So for commercial considerations, I don’t think the mergers can happen. Merger has to happen only for certain complementarities meeting, branch location, concentration of branches and things like that. Let us say for example, bank based in Bangalore where I am, Canara Bank has got very low presence in the East, maybe they can go for the bank in the east but unfortunately, most banks in the east are very much stressed. Whether Canara Bank is interested, is a moot point at all. So what I believe government is seriously interested in consolidation, it has to decide.

I don’t think they can allow it to the board of the banks to decide.

Q: Capital is supposed to be one reason why banks are getting merged. We would be running the tier-I or the common equity tier 1 (CET1) capital of the various banks, it is not as if there are any large number of banks which have a comfortable tier-I position or a CET position. Then what is the point of the merger, which two banks would you suggest for instance?

Mittal: We should look at how the banks are concentrated. We have three banks in Delhi, about six banks in Maharashtra then five banks in Bangalore, three banks in Chennai and one bank in Hyderabad. Now these locations themselves -- suppose you have to merge two banks at one location – at least you can save the cost of head office management, everything else, you also save the cost of the multiple branches being done, the multiple regional offices being done, the zonal offices being done, so I do not think merger is such a bad idea. It is a very good idea.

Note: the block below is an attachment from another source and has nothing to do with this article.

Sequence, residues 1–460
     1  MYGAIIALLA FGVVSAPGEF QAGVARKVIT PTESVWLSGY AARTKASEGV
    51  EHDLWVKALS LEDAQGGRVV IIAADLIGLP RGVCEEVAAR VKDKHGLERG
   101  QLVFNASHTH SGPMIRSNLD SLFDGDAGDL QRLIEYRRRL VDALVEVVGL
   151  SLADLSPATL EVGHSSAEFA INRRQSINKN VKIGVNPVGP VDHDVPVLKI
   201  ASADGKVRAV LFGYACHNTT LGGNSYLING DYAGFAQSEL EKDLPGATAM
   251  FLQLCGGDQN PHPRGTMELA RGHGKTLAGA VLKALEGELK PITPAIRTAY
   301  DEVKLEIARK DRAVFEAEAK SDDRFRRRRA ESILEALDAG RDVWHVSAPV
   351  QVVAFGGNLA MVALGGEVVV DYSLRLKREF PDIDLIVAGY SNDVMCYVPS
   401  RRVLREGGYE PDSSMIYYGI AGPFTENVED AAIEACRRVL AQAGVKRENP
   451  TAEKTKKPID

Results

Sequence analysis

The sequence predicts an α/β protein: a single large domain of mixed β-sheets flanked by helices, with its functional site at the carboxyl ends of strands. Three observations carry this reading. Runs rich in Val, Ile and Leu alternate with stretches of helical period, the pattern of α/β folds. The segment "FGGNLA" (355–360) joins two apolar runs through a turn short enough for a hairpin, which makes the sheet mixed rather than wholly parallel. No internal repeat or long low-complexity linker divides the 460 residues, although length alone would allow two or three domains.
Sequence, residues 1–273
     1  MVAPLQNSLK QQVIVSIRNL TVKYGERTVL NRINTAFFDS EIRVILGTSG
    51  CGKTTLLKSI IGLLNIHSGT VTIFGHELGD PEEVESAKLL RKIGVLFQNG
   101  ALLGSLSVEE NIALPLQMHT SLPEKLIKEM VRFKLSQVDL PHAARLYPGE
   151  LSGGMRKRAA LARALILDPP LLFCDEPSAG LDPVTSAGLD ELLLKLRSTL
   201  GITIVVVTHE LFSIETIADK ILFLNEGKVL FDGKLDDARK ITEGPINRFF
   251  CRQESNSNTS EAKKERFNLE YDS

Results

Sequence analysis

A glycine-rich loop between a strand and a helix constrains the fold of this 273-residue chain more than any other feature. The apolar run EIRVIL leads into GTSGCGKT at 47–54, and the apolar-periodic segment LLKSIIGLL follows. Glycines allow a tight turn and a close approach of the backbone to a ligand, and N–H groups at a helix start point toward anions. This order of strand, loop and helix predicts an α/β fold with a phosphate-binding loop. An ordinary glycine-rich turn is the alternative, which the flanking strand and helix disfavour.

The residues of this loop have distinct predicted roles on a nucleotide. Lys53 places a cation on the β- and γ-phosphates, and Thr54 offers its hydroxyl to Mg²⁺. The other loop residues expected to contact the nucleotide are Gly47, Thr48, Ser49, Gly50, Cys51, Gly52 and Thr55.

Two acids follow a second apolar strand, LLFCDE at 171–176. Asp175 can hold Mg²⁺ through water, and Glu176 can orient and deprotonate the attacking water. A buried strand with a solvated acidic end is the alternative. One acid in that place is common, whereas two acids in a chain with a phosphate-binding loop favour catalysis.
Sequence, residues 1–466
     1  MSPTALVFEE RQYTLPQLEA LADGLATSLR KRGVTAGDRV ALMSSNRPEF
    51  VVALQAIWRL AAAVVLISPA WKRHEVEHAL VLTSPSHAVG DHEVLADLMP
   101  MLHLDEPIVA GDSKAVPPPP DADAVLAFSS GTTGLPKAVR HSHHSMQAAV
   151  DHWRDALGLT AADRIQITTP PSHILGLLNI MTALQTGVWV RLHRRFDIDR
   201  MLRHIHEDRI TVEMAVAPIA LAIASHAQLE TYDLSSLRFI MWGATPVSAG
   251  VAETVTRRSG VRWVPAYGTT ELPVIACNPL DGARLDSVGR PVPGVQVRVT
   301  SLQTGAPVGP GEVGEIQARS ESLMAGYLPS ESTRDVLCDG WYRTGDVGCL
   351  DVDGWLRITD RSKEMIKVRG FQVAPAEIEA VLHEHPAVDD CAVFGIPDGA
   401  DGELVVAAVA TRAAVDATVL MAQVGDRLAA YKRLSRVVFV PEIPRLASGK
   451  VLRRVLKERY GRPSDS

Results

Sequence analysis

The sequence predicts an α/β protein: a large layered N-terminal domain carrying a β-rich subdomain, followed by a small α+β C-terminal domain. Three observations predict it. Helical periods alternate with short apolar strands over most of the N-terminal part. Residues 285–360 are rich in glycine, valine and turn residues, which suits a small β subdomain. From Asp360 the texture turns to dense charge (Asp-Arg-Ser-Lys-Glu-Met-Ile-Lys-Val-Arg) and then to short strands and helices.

I would mention that there would be political limitations for the government to go forward which is the reality for the country but merger should come in that way only. The consideration will come, merger itself will bring a lot of economies of scale when these banks will come.

Coming to capital, I fully agree initially it may not bring anything, the government may have to come up with more capital infusion in whatever form they bring but ultimately the savings will come in year two. If they were to implement it faster then they can have savings coming in 2018-2019 or 2019-2020 onwards which itself will be beneficial for each of the banks which are getting merged.

Q: No benefit for at least FY18-FY19?

Mittal: It will take that much time. Before that, I don’t think anything can come in very short-term.

Q: I am trying to look at all the eastern banks, UCO Bank, United Bank of India, Allahabad Bank, all of them are in big double digit NPAs, nothing much by way of profits, so similar geographies is not very helpful, isn’t it?

Kumar: I agree because unfortunately in our country, the banks in eastern area have a very high NPA percentage. So it will be difficult and I agree with Mittal that there will be political consideration. Let us say, we have two banks in Chennai, IOB and Indian Bank and if they get merged -- let us say one bank gets merged with the Bombay based bank and another gets merged with Delhi based bank and the two headquarters are in Chennai. That will be politically very difficult. That is why I suggest the government must sit down and prepare a roadmap for this merger. Government must decide which banks to merge. Please do not allow it to the boards, I don’t think any board is going to recommend any merger.
first published: Aug 23, 2017 06:46 pm